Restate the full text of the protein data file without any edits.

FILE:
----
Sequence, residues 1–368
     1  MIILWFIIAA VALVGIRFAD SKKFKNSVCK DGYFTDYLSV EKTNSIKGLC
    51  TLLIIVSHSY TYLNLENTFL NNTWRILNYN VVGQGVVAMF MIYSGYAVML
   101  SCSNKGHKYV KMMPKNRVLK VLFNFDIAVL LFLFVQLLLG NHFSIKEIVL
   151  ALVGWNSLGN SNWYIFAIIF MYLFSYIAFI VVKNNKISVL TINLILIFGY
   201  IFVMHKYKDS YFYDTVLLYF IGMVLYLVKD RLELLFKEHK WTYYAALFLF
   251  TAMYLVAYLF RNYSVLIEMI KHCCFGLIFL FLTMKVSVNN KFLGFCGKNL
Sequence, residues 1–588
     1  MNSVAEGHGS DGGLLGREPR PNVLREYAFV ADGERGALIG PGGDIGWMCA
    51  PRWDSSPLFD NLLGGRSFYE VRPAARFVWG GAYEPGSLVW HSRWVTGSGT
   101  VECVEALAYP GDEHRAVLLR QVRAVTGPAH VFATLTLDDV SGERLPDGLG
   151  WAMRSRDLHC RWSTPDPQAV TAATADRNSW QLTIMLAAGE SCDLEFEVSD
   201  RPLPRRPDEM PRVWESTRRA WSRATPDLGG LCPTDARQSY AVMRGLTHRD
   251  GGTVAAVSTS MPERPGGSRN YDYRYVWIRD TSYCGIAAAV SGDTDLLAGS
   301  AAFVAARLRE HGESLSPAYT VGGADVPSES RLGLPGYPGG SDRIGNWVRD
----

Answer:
Sequence, residues 1–368
     1  MIILWFIIAA VALVGIRFAD SKKFKNSVCK DGYFTDYLSV EKTNSIKGLC
    51  TLLIIVSHSY TYLNLENTFL NNTWRILNYN VVGQGVVAMF MIYSGYAVML
   101  SCSNKGHKYV KMMPKNRVLK VLFNFDIAVL LFLFVQLLLG NHFSIKEIVL
   151  ALVGWNSLGN SNWYIFAIIF MYLFSYIAFI VVKNNKISVL TINLILIFGY
   201  IFVMHKYKDS YFYDTVLLYF IGMVLYLVKD RLELLFKEHK WTYYAALFLF
   251  TAMYLVAYLF RNYSVLIEMI KHCCFGLIFL FLTMKVSVNN KFLGFCGKNL
Sequence, residues 1–588
     1  MNSVAEGHGS DGGLLGREPR PNVLREYAFV ADGERGALIG PGGDIGWMCA
    51  PRWDSSPLFD NLLGGRSFYE VRPAARFVWG GAYEPGSLVW HSRWVTGSGT
   101  VECVEALAYP GDEHRAVLLR QVRAVTGPAH VFATLTLDDV SGERLPDGLG
   151  WAMRSRDLHC RWSTPDPQAV TAATADRNSW QLTIMLAAGE SCDLEFEVSD
   201  RPLPRRPDEM PRVWESTRRA WSRATPDLGG LCPTDARQSY AVMRGLTHRD
   251  GGTVAAVSTS MPERPGGSRN YDYRYVWIRD TSYCGIAAAV SGDTDLLAGS
   301  AAFVAARLRE HGESLSPAYT VGGADVPSES RLGLPGYPGG SDRIGNWVRD